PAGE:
It is always difficult after losing a beloved family member to focus on administering the loved one's estate. Assuming that the decedent has died leaving assets in his or her name, then those assets will have to be administered through a process known as estate administration. In the ideal case in Texas and elsewhere, the decedent will have left an updated will specifying the disposition of his or her assets after death.
The decedent will also have appointed a personal representative in the will to serve as the person who will be in control of probating the estate. The personal representative is the coordinator and central administrator of the decedent's estate. His or her duties include identifying and collecting the assets, generally turning those assets into cash, using the funds to pay the decedent's valid bills incurred up to the date of death, and administrative expenses. If there was no will, a qualified family member may apply to act as an administrator.
In starting the estate, the personal representative will file the will and estate papers, and take the oath of office in front of the clerk of the appropriate county office. In all but the simplest and smallest estates, the personal representative will retain an attorney who is experienced in estate administration. The attorney will prepare the initial estate filing, explain the process thoroughly to the personal representative and accompany the representative on all court appearances.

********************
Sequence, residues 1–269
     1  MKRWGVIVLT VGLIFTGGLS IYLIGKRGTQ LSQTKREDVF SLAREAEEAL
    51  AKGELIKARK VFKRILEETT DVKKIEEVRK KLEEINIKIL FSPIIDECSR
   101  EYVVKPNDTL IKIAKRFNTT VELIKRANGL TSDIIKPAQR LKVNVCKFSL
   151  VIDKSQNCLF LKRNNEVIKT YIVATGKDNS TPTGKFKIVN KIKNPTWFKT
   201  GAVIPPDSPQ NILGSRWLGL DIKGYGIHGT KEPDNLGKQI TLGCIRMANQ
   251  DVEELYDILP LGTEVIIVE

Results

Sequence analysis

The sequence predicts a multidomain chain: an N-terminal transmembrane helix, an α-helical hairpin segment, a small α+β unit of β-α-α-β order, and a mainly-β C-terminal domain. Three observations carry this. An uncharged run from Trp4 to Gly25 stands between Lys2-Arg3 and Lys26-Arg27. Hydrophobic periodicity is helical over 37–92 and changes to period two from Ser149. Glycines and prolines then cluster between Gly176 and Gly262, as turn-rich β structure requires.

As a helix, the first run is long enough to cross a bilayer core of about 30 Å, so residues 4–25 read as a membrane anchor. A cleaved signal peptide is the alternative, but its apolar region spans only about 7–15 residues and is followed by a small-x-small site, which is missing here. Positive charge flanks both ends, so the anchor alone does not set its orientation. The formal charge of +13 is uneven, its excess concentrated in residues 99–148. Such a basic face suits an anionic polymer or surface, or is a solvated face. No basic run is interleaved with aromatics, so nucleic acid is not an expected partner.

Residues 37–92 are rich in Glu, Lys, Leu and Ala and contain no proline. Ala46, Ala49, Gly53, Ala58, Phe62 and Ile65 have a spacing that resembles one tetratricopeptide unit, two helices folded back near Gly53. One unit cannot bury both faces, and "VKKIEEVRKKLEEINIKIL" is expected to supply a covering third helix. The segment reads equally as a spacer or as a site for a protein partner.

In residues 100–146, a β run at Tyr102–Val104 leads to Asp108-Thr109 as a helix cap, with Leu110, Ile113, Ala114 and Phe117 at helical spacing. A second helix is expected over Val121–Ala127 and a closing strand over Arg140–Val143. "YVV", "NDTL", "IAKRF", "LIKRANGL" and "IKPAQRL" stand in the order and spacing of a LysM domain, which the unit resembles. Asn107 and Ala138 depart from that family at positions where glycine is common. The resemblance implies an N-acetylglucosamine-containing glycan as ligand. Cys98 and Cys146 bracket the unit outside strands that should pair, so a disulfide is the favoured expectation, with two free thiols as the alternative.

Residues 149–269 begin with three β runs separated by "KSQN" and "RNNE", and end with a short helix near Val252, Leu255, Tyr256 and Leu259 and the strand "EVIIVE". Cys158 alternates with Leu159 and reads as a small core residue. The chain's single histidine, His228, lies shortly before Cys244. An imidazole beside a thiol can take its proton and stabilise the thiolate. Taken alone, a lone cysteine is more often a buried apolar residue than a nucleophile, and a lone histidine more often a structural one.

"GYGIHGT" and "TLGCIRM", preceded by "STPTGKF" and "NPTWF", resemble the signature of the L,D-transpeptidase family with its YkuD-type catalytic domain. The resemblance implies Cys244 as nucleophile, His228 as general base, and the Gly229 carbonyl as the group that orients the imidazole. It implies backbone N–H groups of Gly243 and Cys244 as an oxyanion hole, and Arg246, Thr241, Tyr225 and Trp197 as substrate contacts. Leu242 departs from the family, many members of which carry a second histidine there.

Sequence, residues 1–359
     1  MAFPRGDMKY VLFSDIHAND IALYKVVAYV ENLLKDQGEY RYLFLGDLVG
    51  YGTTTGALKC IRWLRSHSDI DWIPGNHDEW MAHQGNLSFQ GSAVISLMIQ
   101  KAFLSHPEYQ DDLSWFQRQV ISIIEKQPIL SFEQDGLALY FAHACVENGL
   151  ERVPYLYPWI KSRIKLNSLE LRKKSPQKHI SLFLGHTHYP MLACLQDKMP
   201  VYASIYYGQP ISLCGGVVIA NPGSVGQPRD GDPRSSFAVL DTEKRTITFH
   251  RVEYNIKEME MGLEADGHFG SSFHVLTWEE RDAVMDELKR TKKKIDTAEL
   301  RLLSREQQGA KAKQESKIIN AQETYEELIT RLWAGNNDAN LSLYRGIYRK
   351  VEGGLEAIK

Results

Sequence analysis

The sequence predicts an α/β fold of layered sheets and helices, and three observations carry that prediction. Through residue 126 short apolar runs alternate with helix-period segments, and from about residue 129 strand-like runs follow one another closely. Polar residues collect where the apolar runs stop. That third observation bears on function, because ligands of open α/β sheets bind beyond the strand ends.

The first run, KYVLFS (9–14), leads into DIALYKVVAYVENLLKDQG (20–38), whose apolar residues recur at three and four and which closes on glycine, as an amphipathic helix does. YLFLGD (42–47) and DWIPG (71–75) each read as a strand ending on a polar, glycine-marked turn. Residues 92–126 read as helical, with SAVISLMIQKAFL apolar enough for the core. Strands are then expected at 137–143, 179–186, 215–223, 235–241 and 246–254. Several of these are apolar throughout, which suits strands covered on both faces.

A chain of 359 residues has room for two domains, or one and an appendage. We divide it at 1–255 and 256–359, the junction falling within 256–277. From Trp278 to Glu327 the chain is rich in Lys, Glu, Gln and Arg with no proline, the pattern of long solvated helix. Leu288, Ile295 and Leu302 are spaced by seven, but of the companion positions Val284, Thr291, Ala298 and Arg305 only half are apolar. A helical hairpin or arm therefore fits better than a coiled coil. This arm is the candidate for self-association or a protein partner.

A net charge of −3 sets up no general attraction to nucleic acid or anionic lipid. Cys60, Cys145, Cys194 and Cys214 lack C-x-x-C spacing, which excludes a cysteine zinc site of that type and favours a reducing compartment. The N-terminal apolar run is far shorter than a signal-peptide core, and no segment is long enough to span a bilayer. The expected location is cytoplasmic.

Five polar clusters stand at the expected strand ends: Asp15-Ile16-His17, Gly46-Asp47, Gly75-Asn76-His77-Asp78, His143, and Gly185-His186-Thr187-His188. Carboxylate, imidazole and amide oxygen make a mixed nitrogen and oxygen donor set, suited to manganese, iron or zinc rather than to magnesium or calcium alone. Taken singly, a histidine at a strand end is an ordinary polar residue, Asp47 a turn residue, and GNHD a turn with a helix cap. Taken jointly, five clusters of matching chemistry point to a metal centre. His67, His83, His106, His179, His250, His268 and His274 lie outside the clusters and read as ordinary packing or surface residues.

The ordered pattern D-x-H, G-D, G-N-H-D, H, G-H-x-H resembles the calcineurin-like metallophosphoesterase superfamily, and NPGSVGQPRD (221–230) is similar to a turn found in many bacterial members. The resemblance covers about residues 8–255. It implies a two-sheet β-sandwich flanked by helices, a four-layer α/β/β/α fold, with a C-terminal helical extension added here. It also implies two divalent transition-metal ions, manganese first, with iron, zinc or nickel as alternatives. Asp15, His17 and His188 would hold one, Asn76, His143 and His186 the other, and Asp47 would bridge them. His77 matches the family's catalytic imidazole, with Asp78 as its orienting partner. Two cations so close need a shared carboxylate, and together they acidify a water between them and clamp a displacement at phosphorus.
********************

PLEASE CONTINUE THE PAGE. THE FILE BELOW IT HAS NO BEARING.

Because a seasoned estate administration attorney in Texas will be knowledgeable about the twists and turns that may occur in estate matters, the personal representative and the attorney will work closely together to process everything legally and expeditiously. If there are disputes over the disposition of the assets in any respect, the attorney is a valuable source for assisting in the effort to find a resolution. It is also critical to bring the estate to a proper legal conclusion after all tasks have been completed and the remaining assets are ready for final distribution. Court approvals may be needed in some instances and full releases with refunding bonds must be obtained from all parties with an interest in the estate assets.
Source: qchron.com, "The importance of proper estate administration", Alexander Bader, Aug. 13, 2015